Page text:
Justin Turner

Scouting the Cubs' competition: Can anybody dethrone the Dodgers?

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USA TODAY

Scouting the Cubs' competition: Can anybody dethrone the Dodgers?

The expectations couldn't be any higher for the 2018 Chicago Cubs. 

It's 2016 all over again. The goal isn't just a trip to the playoffs or another NL pennant. It's World Series or bust for this group of North Siders.

With that, let's take a look at all of the teams that could stand in the way of the Cubs getting back to the Fall Classic:

Los Angeles Dodgers

2017 record: 104-58, 1st place in NL West

Offseason additions: Matt Kemp, Scott Alexander, Brian Schlitter (former Cub still in the league), Pat Venditte (switch-pitcher), Hamlet Marte (only included because his name is "Hamlet")

Offseason departures: Yu Darvish, Brandon Morrow, Tony Watson, Adrian Gonzalez, Curtis Granderson, Andre Ethier, Franklin Gutierrez, Scott Van Slyke, Brandon McCarthy, Luis Avilan, Scott Kazmir

X-factor: Chris Taylor/Alex Wood

Cheating a bit here and going with two guys.

Wood has been a very good and very underrated pitcher for his entire career, but he also has struggled to stay healthy. He made just 27 appearances (25 starts) last season and has pitched more than 172 innings in a season just once (2015).

Wood has a career 3.20 ERA and led the league in winning percentage last season after going 16-3. We all know Clayton Kershaw is the best pitcher on the planet (again, when healthy), but if Wood can take the ball every fifth day, it takes so much pressure off Kershaw and makes the Dodgers that much more formidable.

Taylor came from out of absolutely nowhere last year to turn in a heck of a season - .288/.354/.496 slash line, 21 HR, 72 RBI, 85 R, 17 SB - and sat atop the Dodgers order as they marched all the way to Game 7 of the World Series. 

The power was a huge surprise, but he's always had speed, hit for a high average and drawn walks, so if the power plays again, he's a huge weapon, especially with Justin Turner down with a wrist injury now. And the power actually looks legit after a swing and philosophy change.

Projected lineup

1. Chris Taylor - CF
2. Corey Seager - SS
3. Cody Bellinger - 1B
4. Yasiel Puig - RF
5. Yasmani Grandal - C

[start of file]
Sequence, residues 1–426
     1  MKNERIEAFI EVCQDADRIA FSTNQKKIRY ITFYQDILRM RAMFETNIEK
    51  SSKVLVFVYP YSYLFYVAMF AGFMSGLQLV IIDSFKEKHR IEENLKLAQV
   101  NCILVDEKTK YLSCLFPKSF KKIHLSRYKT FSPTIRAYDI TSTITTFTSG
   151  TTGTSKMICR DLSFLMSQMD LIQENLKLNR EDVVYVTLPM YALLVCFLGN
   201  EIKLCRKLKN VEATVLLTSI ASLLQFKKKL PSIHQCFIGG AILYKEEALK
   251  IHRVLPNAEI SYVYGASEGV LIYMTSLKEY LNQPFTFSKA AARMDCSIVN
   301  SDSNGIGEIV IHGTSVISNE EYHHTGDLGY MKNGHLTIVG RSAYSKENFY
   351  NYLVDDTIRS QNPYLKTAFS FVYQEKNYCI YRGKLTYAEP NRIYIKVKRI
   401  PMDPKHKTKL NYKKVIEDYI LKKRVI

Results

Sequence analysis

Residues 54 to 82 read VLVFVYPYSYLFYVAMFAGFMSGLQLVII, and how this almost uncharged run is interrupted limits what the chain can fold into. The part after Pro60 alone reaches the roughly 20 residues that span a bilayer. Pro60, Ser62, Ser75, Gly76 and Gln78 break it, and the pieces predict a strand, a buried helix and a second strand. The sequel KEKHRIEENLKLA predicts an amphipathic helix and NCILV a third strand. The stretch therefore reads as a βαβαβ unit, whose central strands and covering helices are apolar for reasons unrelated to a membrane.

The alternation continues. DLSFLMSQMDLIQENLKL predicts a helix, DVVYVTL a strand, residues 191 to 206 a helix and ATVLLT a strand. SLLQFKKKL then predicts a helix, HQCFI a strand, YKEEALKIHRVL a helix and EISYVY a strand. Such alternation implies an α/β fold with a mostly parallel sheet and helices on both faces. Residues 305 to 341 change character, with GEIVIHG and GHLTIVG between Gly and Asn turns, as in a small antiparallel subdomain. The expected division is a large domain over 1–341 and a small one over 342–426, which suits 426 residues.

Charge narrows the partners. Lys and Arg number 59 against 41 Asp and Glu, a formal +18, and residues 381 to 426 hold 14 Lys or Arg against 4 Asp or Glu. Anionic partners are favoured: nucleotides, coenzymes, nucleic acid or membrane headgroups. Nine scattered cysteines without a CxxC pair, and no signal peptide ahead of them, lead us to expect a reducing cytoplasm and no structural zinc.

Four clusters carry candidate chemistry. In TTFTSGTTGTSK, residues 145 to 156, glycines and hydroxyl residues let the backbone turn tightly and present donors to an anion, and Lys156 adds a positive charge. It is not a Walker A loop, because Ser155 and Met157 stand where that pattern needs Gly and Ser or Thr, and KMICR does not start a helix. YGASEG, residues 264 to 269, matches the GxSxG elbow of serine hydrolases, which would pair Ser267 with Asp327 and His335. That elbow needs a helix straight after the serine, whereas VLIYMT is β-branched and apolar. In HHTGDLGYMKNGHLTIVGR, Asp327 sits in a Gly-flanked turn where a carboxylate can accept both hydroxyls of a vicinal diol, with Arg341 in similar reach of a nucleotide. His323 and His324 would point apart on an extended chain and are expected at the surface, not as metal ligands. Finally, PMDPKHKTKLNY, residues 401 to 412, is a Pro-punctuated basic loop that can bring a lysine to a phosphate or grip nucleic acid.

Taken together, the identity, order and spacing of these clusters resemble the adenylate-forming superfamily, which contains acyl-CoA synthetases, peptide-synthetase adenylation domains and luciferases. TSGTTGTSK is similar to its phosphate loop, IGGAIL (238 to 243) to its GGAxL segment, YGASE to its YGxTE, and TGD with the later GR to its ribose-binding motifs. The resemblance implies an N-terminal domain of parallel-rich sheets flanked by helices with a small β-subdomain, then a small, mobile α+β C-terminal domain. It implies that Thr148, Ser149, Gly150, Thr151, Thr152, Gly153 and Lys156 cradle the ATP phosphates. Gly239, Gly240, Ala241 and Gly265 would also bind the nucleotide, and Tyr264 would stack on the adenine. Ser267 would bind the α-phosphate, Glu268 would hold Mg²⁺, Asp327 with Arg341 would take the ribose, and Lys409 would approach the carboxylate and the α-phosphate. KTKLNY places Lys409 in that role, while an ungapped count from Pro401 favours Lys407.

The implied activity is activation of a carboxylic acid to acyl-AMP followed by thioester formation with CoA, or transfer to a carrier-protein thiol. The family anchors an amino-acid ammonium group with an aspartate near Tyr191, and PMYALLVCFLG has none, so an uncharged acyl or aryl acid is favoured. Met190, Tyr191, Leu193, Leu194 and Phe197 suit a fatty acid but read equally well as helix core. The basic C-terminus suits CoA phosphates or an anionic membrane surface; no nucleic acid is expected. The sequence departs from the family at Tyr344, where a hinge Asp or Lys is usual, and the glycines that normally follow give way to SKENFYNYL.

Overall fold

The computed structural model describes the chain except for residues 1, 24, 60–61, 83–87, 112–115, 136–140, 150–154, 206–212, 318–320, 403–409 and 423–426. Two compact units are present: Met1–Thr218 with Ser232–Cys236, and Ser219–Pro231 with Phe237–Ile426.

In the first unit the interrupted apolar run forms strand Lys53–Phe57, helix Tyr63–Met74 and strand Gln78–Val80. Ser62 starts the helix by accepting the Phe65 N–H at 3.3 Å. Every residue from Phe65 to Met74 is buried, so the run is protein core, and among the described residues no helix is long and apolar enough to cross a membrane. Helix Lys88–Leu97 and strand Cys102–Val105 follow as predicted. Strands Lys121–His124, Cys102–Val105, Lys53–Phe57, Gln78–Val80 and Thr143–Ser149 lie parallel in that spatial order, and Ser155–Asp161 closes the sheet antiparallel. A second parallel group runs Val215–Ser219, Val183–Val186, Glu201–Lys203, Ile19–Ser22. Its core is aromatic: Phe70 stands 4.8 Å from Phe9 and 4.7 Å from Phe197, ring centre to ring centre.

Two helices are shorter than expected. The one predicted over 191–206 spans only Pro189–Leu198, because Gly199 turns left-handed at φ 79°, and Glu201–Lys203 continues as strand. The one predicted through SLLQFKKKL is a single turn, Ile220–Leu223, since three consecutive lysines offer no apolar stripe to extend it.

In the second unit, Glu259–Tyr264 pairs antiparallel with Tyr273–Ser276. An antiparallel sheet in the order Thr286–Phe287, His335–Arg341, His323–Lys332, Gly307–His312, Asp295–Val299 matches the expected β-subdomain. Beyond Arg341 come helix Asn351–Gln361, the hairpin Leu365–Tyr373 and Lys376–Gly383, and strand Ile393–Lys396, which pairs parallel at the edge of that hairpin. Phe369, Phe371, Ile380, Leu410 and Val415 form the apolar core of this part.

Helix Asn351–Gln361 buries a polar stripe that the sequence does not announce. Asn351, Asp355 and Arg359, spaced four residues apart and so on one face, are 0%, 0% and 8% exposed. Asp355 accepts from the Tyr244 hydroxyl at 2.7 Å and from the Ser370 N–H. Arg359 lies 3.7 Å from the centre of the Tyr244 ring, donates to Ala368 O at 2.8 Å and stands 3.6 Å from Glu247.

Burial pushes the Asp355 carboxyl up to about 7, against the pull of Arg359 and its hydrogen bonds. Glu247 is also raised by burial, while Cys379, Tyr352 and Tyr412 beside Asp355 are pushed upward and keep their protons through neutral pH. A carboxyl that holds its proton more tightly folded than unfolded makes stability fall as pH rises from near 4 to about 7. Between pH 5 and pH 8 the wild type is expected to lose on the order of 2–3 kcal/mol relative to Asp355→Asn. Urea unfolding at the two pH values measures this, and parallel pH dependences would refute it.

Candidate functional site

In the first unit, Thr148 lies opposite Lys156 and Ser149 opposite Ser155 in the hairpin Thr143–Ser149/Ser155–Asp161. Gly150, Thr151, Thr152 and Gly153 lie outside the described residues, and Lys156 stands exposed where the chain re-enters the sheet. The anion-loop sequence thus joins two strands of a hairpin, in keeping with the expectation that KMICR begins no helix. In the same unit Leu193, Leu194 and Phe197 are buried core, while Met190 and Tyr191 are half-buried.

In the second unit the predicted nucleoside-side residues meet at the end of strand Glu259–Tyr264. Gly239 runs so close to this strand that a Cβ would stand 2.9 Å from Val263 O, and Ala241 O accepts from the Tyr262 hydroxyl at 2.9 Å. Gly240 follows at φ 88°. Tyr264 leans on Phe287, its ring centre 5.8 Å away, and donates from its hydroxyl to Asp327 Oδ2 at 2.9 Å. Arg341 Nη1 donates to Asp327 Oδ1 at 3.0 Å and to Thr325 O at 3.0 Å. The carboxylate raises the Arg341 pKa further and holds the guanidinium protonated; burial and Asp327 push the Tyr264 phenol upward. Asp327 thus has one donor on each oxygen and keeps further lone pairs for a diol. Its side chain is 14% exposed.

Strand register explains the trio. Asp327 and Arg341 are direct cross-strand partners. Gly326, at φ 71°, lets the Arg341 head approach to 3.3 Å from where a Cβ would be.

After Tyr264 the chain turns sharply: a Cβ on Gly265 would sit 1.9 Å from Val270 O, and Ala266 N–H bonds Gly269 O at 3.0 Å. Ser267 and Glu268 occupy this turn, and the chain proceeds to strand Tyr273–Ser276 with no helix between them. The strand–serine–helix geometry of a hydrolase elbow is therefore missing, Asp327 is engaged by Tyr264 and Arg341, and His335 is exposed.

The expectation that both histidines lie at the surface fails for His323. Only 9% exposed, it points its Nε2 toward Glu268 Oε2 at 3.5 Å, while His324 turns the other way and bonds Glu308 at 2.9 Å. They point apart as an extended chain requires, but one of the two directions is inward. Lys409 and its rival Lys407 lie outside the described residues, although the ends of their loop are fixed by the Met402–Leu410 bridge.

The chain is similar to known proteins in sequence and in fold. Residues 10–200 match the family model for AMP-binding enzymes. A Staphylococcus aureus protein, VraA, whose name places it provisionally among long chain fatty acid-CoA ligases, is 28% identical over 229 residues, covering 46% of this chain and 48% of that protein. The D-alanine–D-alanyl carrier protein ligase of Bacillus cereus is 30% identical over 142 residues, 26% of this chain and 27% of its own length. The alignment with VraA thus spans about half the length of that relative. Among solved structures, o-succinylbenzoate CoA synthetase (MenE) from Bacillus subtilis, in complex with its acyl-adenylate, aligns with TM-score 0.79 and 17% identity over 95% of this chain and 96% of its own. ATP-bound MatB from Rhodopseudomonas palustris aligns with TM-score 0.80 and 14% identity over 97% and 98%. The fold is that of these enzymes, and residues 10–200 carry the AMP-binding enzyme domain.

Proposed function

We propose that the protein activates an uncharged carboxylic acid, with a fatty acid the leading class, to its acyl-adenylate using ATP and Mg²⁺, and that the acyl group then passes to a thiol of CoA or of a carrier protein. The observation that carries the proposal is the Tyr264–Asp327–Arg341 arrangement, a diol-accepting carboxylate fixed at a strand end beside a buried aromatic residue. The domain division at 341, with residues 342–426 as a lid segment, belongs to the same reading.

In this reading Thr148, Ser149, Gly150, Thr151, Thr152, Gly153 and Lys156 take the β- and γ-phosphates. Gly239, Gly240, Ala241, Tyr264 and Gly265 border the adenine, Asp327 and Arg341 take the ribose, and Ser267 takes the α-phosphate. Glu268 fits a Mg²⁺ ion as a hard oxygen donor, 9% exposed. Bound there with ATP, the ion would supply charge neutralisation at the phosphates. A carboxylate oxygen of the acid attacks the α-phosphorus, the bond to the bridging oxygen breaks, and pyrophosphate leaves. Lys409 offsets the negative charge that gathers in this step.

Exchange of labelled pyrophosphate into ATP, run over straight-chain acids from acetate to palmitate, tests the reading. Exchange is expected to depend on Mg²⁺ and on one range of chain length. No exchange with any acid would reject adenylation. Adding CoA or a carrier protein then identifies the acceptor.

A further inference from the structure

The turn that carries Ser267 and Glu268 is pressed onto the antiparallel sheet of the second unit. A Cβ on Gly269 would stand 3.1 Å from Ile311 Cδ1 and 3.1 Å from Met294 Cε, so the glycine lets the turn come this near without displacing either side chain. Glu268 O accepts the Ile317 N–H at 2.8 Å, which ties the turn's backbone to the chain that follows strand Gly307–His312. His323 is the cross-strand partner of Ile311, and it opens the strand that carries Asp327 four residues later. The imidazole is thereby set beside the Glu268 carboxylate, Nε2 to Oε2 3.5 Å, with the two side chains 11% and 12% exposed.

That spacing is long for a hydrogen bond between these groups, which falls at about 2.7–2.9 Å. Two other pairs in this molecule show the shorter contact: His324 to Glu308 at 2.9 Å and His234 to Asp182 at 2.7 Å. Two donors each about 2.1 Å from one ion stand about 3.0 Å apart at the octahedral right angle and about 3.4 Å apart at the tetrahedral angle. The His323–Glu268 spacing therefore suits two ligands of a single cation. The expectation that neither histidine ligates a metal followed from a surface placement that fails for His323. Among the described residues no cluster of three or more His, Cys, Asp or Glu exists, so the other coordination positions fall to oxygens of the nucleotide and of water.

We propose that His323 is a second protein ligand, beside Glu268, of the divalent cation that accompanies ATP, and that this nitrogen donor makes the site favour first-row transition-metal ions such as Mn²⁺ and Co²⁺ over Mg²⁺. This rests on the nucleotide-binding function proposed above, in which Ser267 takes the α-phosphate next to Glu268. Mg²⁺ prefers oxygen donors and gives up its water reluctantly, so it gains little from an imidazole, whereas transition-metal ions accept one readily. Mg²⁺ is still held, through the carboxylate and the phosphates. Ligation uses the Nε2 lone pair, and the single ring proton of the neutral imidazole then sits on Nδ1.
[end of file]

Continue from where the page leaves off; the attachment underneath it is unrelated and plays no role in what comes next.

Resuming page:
6. Joc Pederson - LF
7. Logan Forsythe - 3B
8. Chase Utley - 2B

Projected rotation

1. Clayton Kershaw
2. Alex Wood
3. Kenta Maeda
4. Rich Hill
5. Hyun-jin Ryu

Outlook

Turner's broken wrist is a huge blow to the Dodgers before the season has even begun, especially when he's suddenly like the best right-handed hitter on the planet not named Mike Trout or Kris Bryant. 

Turner was always a solid utility player for the Mets but not much of a hitter (.696 OPS in 301 games with the Mets). In L.A., however, Turner has an .881 OPS in four years, including an incredible .945 OPS in 2017.

He's the anchor of their lineup and any time he misses is a big loss. But this Dodgers team is so talented around him that they'll be fine getting into the playoffs. Turner was bound to miss time anyways - he's played in more than 130 games in a season just once in his career.

The only thing that could slow this team down would be more injuries, especially if Kershaw's balky back rears its ugly head again. 

This may be the most talented roster in the National League (once Turner returns), so even in an NL West where four teams may be competing for the division title, the Dodgers should take the cake once again.

But will they have enough left in the tank to get past the Cubs or Nationals to represent the NL in the World Series once again?

Prediction: 1st in NL West

Complete opposition research

Los Angeles Dodgers
San Francisco Giants
Arizona Diamondbacks
Colorado Rockies
San Diego Padres
Miami Marlins
Philadelphia Phillies
Atlanta Braves
New York Mets

'The better team won': Cubs had plenty of problems, but Dodgers' championship formula should look familiar to Cubs fans

'The better team won': Cubs had plenty of problems, but Dodgers' championship formula should look familiar to Cubs fans

For the second year in a row, the National League champs celebrated a pennant at Wrigley Field.

A dominating, 100-win club that had the championship formula of elite starting pitching, a lights-out closer and a fearsome lineup lifted a trophy Thursday night on the North Side and look destined to lift another before this postseason is over.

Sound familiar, Cubs fans?